This Is The Most Affordable Way To Get Into Bitcoin
A method known as “dollar-cost averaging” is the most popular amongst HODLers to maximize their bitcoin stack.
How To Save Bitcoin: DCA Is The Way
Saving money used to be a simple and standard practice – park your cash in a bank account and watch it grow. The 1926 book “The Richest Man in Babylon” famously advocates putting aside just 10% of your income to start building wealth. For a variety of reasons, the wisdom of saving is slipping away from our culture.
For one, saving doesn’t feel like the path to success anymore. Teenagers looking at college tuition costs watch their peers use TikTok to shoot from penniless to multi-millionaire status. Corporate employees fighting for a raise see online chat startups claiming $1 billion valuations before their app even releases publicly. Kids who skipped the playground to buy pictures of penguins suddenly find themselves richer than their parents. In this world, what good is saving and diligently deploying 10% of my income for a healthy return? It sure seems like life is a lottery these days, not a fair uphill climb.
Second, spending receives praise from every angle. Decades of overwhelming advertising and economics education also bombard us with the message that spending is good, not just for our own well-being but for society as a whole. Spending keeps the economic engine running, they tell us — and every penny counts.
Finally, the younger generations just have less to save. According to Pew Research, millennials have less wealth than prior generations did at equivalent ages and also carry much more student debt, dragging on their ability to save even when wages are nominally rising. Even with wages rising, most of that is only seen by the college educated, with those not holding a degree having lower income than past generations – going back to the early boomers.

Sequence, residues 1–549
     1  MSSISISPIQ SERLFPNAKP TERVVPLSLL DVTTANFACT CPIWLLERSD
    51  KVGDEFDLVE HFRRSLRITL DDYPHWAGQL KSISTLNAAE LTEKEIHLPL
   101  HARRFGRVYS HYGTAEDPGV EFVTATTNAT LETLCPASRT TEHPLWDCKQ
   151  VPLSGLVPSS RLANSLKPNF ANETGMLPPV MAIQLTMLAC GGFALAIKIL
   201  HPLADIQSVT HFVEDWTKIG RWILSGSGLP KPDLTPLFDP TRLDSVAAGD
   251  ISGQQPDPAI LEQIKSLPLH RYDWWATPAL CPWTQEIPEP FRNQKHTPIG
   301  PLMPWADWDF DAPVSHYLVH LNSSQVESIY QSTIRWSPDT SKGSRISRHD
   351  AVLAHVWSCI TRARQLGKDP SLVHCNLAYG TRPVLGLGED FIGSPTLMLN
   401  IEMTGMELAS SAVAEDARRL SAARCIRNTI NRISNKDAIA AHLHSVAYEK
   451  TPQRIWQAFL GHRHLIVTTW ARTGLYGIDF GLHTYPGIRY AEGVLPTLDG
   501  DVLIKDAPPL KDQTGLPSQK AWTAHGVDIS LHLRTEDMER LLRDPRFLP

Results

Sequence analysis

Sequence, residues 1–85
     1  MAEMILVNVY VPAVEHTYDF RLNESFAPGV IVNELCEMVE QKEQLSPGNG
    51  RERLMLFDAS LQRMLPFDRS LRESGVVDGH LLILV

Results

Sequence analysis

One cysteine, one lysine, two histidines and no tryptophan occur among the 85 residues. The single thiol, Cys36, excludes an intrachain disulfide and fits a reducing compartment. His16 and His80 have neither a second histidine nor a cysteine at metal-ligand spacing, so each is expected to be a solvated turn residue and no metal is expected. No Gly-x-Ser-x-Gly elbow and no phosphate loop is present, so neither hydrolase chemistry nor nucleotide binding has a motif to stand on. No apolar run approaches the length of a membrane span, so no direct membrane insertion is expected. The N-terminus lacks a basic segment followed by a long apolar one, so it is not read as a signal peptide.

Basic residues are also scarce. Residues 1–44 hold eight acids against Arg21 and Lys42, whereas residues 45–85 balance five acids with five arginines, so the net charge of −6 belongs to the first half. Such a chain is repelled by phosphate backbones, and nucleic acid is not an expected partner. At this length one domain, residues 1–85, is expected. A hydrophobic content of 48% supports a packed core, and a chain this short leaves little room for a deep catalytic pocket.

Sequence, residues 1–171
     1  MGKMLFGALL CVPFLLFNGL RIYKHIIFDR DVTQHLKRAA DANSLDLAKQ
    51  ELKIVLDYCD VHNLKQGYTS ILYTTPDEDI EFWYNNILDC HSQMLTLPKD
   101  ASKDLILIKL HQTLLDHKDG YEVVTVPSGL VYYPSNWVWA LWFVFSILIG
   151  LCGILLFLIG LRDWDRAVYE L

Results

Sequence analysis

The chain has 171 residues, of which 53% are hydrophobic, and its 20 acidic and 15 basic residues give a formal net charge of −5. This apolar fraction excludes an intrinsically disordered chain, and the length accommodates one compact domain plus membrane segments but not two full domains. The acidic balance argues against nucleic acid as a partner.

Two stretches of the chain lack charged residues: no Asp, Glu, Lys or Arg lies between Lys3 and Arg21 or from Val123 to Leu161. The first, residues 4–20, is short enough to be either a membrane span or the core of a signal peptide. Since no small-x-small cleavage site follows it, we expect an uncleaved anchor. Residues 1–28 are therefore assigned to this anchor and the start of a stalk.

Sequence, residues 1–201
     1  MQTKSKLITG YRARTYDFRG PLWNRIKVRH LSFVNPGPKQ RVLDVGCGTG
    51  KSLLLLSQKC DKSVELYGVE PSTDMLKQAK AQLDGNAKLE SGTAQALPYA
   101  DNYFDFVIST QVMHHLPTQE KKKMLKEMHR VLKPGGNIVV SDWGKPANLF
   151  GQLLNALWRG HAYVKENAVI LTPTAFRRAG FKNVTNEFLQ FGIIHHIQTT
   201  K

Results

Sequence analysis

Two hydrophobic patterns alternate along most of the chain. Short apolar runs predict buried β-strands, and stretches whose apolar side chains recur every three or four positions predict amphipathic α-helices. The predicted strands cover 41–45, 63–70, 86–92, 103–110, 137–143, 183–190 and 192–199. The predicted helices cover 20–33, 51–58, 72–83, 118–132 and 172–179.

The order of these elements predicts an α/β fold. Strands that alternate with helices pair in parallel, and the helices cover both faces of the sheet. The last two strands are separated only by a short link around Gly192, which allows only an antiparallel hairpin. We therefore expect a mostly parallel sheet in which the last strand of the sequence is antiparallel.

Saving behavior saw one “saving grace” in recent times: the COVID pandemic and government reactions. Forced lockdowns and business closures coincided with a massive spike in the personal savings rate, unprecedented in recent times.
Massive increase and volatility in the personal savings rate starting in 2020. Source: FRED
While this is likely to be temporary (nod to Jerome Powell), this extra cash has left many Americans wondering – what should I do with this cash?
We used to have a clear choice.
The Appeal Of The Savings Account
After the last major world crisis — marked by two back-to-back world wars and a deep economic depression in between — stability was a highly-sought luxury. Booming populations of workers wanted to raise families, build businesses, and ensure the security of their futures.
The humble savings account provided a safe place to store wealth and a simple means to grow it steadily over one’s working years. People could focus on their career or business, and not have to worry about where to put their money – it could go right in the savings account.
In countries with strong and stable institutions, like the United States, savings account “yields” (growth on the dollars in the account) generally trended up from the 1950s until the 1980s, then slowly back down.
The Federal Funds Rate represents the rate banks pay to borrow from other banks. Savings account yields are essentially the rate banks pay to borrow from you. Source: FRED
Banks played a productive role in the economy, powering growth as a middleman between savers with cash who lacked investment experience and entrepreneurs with business acumen and ideas who needed cash.
The savings account during these decades was a humble vehicle for earning nearly-guaranteed returns with a high degree of safety. FDIC insurance protected balances (to a degree) and depositors didn’t have to be their own investment advisors to earn a decent return. A normal middle-class worker could put in their eight hours of honest work, stash away 10% of their earnings in a savings account, and feel secure in their financial future.
The situation we find ourselves in today, with meager returns for the humble savings account, was precipitated in the 1970s. Many will point to the OPEC oil embargo and the ensuing rampant stagflation, but with more clear hindsight we can see that Nixon’s “temporary” disconnection of the U.S. dollar from gold played a large role. The market reckoned with this reality by running from the dollar and buying up other assets, like commodities, deemed scarcer. Prices for goods across the economy soared, forcing the Federal Reserve to raise interest rates in order to bring confidence back to the dollar and to “break the back of inflation.”
Paul Volcker, the Fed Chairman credited with raising rates and “breaking the back of inflation” in the 1970s. Source: Vox